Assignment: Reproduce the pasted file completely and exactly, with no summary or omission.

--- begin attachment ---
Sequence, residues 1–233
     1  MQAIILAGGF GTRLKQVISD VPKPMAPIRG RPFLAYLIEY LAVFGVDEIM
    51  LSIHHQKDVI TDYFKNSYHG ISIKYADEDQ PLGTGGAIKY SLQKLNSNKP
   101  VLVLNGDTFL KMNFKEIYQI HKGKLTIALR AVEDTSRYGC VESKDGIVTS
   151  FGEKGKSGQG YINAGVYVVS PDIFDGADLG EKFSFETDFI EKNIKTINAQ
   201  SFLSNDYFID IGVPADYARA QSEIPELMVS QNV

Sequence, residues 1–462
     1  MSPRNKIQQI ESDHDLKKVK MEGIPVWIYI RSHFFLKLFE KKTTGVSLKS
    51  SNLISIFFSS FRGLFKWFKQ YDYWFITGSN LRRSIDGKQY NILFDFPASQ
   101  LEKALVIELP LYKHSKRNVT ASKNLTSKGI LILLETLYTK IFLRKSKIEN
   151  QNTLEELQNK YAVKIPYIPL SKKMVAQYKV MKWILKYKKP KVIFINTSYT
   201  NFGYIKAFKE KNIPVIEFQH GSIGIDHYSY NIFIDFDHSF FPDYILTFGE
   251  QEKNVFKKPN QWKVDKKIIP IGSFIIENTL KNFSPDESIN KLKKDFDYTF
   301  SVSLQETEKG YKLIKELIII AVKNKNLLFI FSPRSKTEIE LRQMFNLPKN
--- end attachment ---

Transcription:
Sequence, residues 1–233
     1  MQAIILAGGF GTRLKQVISD VPKPMAPIRG RPFLAYLIEY LAVFGVDEIM
    51  LSIHHQKDVI TDYFKNSYHG ISIKYADEDQ PLGTGGAIKY SLQKLNSNKP
   101  VLVLNGDTFL KMNFKEIYQI HKGKLTIALR AVEDTSRYGC VESKDGIVTS
   151  FGEKGKSGQG YINAGVYVVS PDIFDGADLG EKFSFETDFI EKNIKTINAQ
   201  SFLSNDYFID IGVPADYARA QSEIPELMVS QNV

Sequence, residues 1–462
     1  MSPRNKIQQI ESDHDLKKVK MEGIPVWIYI RSHFFLKLFE KKTTGVSLKS
    51  SNLISIFFSS FRGLFKWFKQ YDYWFITGSN LRRSIDGKQY NILFDFPASQ
   101  LEKALVIELP LYKHSKRNVT ASKNLTSKGI LILLETLYTK IFLRKSKIEN
   151  QNTLEELQNK YAVKIPYIPL SKKMVAQYKV MKWILKYKKP KVIFINTSYT
   201  NFGYIKAFKE KNIPVIEFQH GSIGIDHYSY NIFIDFDHSF FPDYILTFGE
   251  QEKNVFKKPN QWKVDKKIIP IGSFIIENTL KNFSPDESIN KLKKDFDYTF
   301  SVSLQETEKG YKLIKELIII AVKNKNLLFI FSPRSKTEIE LRQMFNLPKN